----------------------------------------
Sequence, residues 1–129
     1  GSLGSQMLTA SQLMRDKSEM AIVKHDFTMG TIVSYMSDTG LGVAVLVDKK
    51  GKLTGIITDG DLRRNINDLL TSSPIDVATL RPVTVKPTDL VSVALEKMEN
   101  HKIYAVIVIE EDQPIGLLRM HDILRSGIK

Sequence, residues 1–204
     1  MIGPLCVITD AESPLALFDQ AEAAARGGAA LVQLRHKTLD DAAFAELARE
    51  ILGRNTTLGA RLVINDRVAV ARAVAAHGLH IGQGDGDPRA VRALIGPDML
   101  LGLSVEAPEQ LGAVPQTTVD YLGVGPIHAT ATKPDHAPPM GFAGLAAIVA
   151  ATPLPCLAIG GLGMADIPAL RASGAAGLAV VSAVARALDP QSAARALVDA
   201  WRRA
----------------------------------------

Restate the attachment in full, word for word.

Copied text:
Sequence, residues 1–129
     1  GSLGSQMLTA SQLMRDKSEM AIVKHDFTMG TIVSYMSDTG LGVAVLVDKK
    51  GKLTGIITDG DLRRNINDLL TSSPIDVATL RPVTVKPTDL VSVALEKMEN
   101  HKIYAVIVIE EDQPIGLLRM HDILRSGIK

Sequence, residues 1–204
     1  MIGPLCVITD AESPLALFDQ AEAAARGGAA LVQLRHKTLD DAAFAELARE
    51  ILGRNTTLGA RLVINDRVAV ARAVAAHGLH IGQGDGDPRA VRALIGPDML
   101  LGLSVEAPEQ LGAVPQTTVD YLGVGPIHAT ATKPDHAPPM GFAGLAAIVA
   151  ATPLPCLAIG GLGMADIPAL RASGAAGLAV VSAVARALDP QSAARALVDA
   201  WRRA